Presentation M P32

M P32 (Poster Presentation):
Supervisors’ strategies in the follow-up of employees with musculoskeletal complaints.

Presented by: Tove Ask


Ask T1, Magnussen LH1,2

  1. Department of Global Public Health and Primary Care. Physiotherapy Research Group, University of Bergen.
  2. Department of Occupational therapy, Physiotherapy and Radiography, Faculty of Health and Social Sciences, Bergen University College, Norway



The supervisors’ role in the follow-up of employees with health complaints has received considerable attention in recent publications, but the knowledge regarding what are the most appropriate strategies is lacking. The purpose of this study was therefore to explore the supervisors’ experiences and strategies in the follow-up of employees with musculoskeletal complaints, sick-listed or in risk of being sick-listed. We also wanted to discuss the preferred strategies in light of leadership styles.


Five focus groups (n=26 supervisors) from the health and social service in the municipality of Bergen was conducted. Systematic text condensation was used to analyze the data.


The supervisors described different strategies depending on the phase of the sickness absence: 1) primary prevention; in this phase the supervisors emphasized supportive strategies such as paying attention to the individual employee in daily work, giving positive feedback and having a good relationship with the employees. The aim was to promote a healthy working environment and make it possible for the employees to stay at work despite musculoskeletal complaints, 2) follow-up of employees at risk of being sick-listed; to avoid sickness absence, the supervisors tried to catch up early signals of health complaints so that they could give advice and offer modified work, and 3) return-to-work phase; the supervisors used both supportive and confronting strategies aiming to promote an early return to work for the sick-listed employees. A closer cooperation with the physicians was considered as crucial to facilitate an early return to work. The variety of strategies in the different phases corresponded to either relation-oriented, transformational or task-oriented leadership styles.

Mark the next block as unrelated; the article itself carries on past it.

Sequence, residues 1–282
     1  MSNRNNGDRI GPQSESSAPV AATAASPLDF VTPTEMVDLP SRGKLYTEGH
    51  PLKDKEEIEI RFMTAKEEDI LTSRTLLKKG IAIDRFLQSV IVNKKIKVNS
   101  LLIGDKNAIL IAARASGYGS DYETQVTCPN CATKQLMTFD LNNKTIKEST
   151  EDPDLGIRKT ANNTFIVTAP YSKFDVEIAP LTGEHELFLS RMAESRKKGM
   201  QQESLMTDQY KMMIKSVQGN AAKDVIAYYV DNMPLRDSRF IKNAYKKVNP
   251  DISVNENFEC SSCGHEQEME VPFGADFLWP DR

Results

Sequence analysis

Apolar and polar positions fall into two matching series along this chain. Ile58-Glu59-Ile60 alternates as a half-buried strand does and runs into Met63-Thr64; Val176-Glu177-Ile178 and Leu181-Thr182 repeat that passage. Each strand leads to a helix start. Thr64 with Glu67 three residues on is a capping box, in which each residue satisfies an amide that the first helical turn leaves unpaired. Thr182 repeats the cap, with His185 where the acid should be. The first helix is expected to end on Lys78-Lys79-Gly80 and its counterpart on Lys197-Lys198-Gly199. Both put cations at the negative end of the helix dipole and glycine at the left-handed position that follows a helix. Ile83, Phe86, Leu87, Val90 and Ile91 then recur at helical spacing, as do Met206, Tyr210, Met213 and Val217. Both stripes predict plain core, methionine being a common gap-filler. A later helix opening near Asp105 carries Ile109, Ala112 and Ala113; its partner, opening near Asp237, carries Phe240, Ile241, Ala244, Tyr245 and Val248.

The supervisors’ leadership styles and preferred strategies seemed to be dependent on the phase of sickness absence. A better balance between being supportive and finding individual solutions on one side and making demands and confronting the employees on the other side was considered important. The physicians were seen as key players in the return-to-work process.

Schedule Details

Monday September 29
12:45 - 13:45 Poster Viewing
Session: Workplace